SANTO DOMINGO — Wild celebrations on the pitch after a big hit. Regional rivalries to the max. And a lot of merriment in the stands.
The Caribbean Baseball Series took place this week in the Dominican Republic with its usual splendor, and it may be the last baseball activity to be held in this hemisphere for good weather.
While joking in the middle of the games at the Quisqueya stadium in Santo Domingo, baseball players are also apprehensive about the paralysis of baseball in the United States, which has prevailed since December 2.
The Caribbean Series culminated on Thursday night, with Colombia’s surprise victory in the final against the Dominican Republic in the final.
Colombia was crowned for the first time in the history of a contest that has always been a platform to get opportunities to sign with a Major League franchise.
But the lack of agreement between the players’ association and MLB, a few days before the date on which spring training should start — in less than two weeks — and then the regular season, has altered the situation.
In action during the Caribbean classic with national teams, several players with agreed contracts and others looking for others, when consulted by The Associated Press, expressed they had no idea when the MLB activity would begin.
Fingers crossed that there will soon be an agreement to be able to negotiate with the clubs.
Such is the case of Nelson Cruz, free agent at 41 years old. The veteran slugger is coming off a season in which he hit 32 home runs with the Minnesota Twins and Tampa Bay Rays. His ambition is to play an 18th campaign.
“Unfortunately, it will not start on time, but it is part of the process,” said Cruz, who has been training and waiting for the lockout to end to negotiate. “We, as players, demand things and so do they, so what you have to do is reach an agreement”.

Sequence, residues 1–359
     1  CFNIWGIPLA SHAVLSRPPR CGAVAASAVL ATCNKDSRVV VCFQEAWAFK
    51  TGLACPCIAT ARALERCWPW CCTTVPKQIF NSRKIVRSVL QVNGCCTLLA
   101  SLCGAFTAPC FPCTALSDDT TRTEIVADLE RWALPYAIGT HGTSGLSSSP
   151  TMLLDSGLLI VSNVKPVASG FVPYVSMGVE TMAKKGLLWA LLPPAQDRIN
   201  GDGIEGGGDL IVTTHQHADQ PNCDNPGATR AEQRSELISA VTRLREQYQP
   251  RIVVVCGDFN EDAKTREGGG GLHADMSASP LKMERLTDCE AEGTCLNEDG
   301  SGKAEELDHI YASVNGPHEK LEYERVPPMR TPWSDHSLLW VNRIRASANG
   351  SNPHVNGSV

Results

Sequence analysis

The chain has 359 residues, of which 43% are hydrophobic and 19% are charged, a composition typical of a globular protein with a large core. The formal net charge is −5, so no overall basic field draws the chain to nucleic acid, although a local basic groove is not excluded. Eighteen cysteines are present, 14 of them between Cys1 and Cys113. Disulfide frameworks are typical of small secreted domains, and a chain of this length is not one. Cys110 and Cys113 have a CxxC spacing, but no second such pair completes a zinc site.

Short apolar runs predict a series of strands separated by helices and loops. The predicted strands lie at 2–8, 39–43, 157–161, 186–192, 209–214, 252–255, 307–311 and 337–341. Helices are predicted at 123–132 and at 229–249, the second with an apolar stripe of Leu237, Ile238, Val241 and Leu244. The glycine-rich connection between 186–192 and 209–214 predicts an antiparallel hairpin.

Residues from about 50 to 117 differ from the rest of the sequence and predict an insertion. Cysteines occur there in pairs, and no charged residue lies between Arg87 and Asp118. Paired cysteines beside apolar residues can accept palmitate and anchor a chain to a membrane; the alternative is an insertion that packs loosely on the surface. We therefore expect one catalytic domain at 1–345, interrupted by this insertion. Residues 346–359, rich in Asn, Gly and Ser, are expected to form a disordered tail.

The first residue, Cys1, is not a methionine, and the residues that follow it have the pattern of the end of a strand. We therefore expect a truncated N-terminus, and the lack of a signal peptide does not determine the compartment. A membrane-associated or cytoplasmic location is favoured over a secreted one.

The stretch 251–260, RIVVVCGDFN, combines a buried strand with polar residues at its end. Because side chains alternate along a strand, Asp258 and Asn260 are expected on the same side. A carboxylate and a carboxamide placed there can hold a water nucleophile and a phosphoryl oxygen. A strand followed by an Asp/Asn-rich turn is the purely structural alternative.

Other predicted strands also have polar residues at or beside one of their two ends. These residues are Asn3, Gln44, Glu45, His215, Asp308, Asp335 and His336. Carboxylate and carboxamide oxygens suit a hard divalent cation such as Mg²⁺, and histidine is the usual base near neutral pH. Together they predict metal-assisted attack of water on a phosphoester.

Like other players, Cruz supports the demands of the union, despite the uncertainty generated by the situation.
Equally confident of a deal is Puerto Rican catcher Roberto Perez, who signed a one-year, $5 million deal with the Pittsburgh Pirates shortly before MLB shut down as soon as the collective bargaining agreement expired.
“I believe that this is not necessary for baseball, for there to be a strike,” Pérez said.
The stoppage of activities ended the labor peace that prevailed in baseball for 26 and a half years, since a players’ strike in 1994.
Given the slow progress of the negotiations, the parties act as if it were a fait accompli that the preseason in Arizona and Florida will not be able to start on the scheduled date of February 16. The players do not begin to collect their salaries until the start of the season, scheduled for March 31, and it is not believed that until the middle or end of February there will be a significant advance.
A minimum of three weeks of practice and exhibition games are needed to kick off the season, plus additional time for players to report to camp and comply with COVID-19 protocols.
The boricua Vimael Machin, an infielder in the Oakland Athletics organization, expressed concern that a conflict like this will prevent players from getting new contracts, despite the effort they have made to put up good numbers, especially in the Caribbean winter leagues.
“I know a couple of Dominican people here who have had a tremendous winter season and it is really sadder than worrying that they have not had the opportunity to be signed by a team since they are dealing with all that (unemployment) issues. “.
“I have only heard that they are going to help with money at the beginning and from there they make their next decision,” he said about what is expected in the coming weeks in case a new collective agreement is not reached.
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Uncertainty in the Caribbean before closure in MLB